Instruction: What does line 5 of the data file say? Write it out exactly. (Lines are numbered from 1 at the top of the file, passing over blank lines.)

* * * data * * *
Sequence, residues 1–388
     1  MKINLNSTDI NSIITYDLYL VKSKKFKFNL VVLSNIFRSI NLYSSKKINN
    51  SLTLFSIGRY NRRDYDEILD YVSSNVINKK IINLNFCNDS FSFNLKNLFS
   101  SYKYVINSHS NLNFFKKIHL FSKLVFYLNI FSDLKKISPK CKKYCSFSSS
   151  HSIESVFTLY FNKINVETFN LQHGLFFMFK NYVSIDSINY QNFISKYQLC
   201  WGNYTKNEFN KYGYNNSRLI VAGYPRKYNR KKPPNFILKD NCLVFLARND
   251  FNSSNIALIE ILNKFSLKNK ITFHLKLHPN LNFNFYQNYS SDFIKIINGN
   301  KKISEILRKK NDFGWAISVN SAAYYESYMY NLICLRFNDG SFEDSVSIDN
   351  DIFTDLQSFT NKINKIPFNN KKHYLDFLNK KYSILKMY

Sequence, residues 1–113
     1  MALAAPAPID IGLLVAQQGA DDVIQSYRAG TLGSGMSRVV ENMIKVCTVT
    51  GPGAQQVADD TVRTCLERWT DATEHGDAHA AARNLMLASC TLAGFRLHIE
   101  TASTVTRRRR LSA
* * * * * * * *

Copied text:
   151  HSIESVFTLY FNKINVETFN LQHGLFFMFK NYVSIDSINY QNFISKYQLC